FIG. 9 shows the diaphragm in the open position, in cross-section along plane IX--IX in FIGS. 3 and 5, respectively;
FIG. 10 is a front view, in partial cross section, of a circular embodiment of the distributor according to the invention, in partial cross-section along plane X in FIGS. 11 and 12, respectively;
FIG. 11 is a top view of the body member of the embodiment of FIG. 10;
FIG. 12 represents a bottom view of the cover plate of the embodiment of FIG. 10;
FIG. 13 shows a front view, in partial cross section, of a variant of the circular embodiment of FIG. 10, in partial cross-section along plane XIV in FIGS. 14 and 15, respectively;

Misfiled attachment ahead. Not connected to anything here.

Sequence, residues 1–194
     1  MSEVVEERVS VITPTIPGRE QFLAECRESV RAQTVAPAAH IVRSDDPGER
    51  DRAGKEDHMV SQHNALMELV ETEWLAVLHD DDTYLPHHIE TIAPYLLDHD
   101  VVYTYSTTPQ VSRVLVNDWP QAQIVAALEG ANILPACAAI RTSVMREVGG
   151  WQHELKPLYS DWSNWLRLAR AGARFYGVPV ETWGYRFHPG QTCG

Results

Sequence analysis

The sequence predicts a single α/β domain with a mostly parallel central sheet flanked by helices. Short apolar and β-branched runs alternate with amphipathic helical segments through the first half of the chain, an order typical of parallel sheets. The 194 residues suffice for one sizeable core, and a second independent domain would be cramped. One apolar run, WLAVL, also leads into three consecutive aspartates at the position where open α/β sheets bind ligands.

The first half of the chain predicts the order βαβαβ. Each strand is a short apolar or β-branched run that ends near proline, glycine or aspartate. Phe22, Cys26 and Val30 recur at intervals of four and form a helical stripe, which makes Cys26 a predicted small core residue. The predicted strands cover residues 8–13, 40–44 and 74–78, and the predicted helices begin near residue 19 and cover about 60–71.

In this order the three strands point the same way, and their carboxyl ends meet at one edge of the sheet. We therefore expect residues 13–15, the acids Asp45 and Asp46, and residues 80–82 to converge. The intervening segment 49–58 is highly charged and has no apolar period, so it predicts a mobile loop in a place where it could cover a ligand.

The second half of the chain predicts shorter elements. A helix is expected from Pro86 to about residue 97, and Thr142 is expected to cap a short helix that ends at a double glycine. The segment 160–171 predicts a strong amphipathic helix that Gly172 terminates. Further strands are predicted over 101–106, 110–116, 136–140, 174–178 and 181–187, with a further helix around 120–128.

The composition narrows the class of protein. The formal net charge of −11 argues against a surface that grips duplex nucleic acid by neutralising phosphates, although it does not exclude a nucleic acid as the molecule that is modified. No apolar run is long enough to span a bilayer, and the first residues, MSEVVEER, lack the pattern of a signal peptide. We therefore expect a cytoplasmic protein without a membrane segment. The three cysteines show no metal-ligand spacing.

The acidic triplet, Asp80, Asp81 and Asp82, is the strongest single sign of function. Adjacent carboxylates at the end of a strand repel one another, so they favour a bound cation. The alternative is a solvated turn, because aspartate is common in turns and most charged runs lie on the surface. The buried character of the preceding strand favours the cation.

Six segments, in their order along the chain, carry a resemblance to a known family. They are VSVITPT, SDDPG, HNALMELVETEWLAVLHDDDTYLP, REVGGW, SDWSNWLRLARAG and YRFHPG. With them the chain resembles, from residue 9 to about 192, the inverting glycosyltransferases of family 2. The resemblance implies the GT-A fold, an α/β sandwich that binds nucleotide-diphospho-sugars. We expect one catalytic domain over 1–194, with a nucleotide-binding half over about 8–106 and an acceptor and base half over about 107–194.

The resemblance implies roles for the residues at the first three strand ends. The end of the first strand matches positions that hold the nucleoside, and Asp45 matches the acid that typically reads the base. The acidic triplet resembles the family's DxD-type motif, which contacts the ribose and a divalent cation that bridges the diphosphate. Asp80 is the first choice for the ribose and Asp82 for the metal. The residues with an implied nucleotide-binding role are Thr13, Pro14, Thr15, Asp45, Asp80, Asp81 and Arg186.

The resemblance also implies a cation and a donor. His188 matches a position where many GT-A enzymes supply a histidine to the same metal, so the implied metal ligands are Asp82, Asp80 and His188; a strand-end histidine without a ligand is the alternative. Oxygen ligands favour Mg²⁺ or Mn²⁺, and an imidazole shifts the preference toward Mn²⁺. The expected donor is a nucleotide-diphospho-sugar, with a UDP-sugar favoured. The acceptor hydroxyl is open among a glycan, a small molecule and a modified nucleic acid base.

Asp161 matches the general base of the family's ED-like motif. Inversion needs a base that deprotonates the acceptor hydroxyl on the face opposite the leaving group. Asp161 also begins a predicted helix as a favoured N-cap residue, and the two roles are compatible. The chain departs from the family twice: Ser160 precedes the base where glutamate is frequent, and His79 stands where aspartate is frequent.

FIG. 14 is a top view of the body member of this variant;
FIG. 15 represents a partial bottom view of the cover plate of the embodiment of FIG. 13, and
FIG. 16 is a schematic representation of several distributors connected in series.